Ah, perhaps we’re in the area of different goals being reached in different ways. Another set of parents might see chores as not about being helpful, but another category entirely: an educational experience, about the way the world works, the importance of work, and the value of money. (Didn’t Paul have something to say about teaching people to work with their hands?) And crucially, it’s providing a loving situation in which children can learn those things *before* going into a world which doesn’t care about them.

    So that’s not to say your own decision on chores is right or wrong, but simply that there’s often more at issue in a choice like that than “just” family dynamics. I’m guessing you will teach your children about our law-driven world-at-large in different ways.

    (Is there also a Reformed/Lutheran thing going on here with a relatively higher tolerance for law on this side? I mean, we see law as the order of creation, so when law appears in natural life we can only be comfortable with that, since it is part of the created order which God pronounced to be very good. The other question is whether “grace” isn’t being used a little too loosely here: I thought grace was specifically demerited favour, and not merely unmerited?)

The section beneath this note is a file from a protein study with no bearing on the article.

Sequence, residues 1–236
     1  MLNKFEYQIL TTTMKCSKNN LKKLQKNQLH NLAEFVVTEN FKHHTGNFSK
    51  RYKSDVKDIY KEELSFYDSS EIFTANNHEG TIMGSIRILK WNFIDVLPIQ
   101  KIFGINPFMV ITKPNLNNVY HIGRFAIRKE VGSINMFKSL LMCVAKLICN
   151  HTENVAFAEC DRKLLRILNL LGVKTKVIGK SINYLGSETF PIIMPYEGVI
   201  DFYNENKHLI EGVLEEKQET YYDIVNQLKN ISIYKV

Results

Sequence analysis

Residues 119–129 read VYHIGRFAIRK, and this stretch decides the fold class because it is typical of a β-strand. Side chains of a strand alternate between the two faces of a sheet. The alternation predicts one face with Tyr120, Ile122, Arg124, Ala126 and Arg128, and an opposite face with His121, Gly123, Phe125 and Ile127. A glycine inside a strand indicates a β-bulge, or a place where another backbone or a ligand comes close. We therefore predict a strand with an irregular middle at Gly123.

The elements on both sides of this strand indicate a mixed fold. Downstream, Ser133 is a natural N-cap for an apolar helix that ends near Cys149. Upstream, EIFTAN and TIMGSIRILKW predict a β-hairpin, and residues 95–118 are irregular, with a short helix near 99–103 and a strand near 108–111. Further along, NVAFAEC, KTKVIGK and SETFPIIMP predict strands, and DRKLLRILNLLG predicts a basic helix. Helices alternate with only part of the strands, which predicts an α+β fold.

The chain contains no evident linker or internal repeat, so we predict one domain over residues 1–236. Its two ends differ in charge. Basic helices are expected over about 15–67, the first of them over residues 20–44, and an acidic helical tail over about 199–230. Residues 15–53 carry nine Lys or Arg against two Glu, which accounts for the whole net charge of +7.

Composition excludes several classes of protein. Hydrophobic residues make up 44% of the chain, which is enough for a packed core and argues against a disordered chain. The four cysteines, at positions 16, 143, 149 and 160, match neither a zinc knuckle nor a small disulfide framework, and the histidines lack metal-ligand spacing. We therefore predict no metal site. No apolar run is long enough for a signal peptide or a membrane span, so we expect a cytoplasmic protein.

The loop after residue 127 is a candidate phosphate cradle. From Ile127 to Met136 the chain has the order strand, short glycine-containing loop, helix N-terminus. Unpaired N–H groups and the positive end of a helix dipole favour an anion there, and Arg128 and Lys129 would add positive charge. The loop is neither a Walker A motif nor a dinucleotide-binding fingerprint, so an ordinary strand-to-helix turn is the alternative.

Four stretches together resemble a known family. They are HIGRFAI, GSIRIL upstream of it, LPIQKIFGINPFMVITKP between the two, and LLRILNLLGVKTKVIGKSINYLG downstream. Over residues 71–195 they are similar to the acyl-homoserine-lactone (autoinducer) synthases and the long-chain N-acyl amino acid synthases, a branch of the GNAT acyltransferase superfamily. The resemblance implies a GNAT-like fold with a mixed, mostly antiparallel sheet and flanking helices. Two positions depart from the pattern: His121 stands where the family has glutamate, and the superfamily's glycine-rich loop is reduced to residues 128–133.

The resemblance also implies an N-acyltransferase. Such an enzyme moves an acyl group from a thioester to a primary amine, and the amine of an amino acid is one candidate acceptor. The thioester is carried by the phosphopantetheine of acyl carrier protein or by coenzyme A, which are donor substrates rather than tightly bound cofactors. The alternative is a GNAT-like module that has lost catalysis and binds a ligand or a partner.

4. John H says:

    Well, another point that’s hit home for me is that children are not short of opportunities to learn that the world “under the sun” is driven by issues of desert and things earnt. And – trust me 😉 – parents scarcely need to go out of their way to find opportunities to say “no” to their children.

    The other question is whether “grace” isn’t being used a little too loosely here: I thought grace was specifically demerited favour, and not merely unmerited?)

    I would say that grace is love regardless of merit. In the case of our relationship with God, that necessarily entails being demerited love/favour. But that still does not make “grace” (in that sense) some special category in its own right. Even if we define “grace” specifically as “demerited favour”, it is still a subset of “that love which continues to love whether it is merited, unmerited or actively demerited”.

    As for a specifically Lutheran vs Reformed angle: well, while I don’t know for sure, I get the impression that Dr Martyn is either an Episcopalian or Presbyterian of probably fairly liberal leanings. But perhaps one reason why her views resonate with me is that they see grace as an ongoing reality of life, rather than as something which picks us up, forgives us and then returns us to the care of the law – our “default setting” – until the next time.

    I know the latter is something of a parody of the Reformed view, and a long way short of the Reformed position at its (Heidelberg, dare I say semi-Lutheran) best – but not as much of a parody as it ought to be, alas.

  5. Phil Walker says:

    We agree that parental love should be unconditional. There is absolutely no question in my mind on that.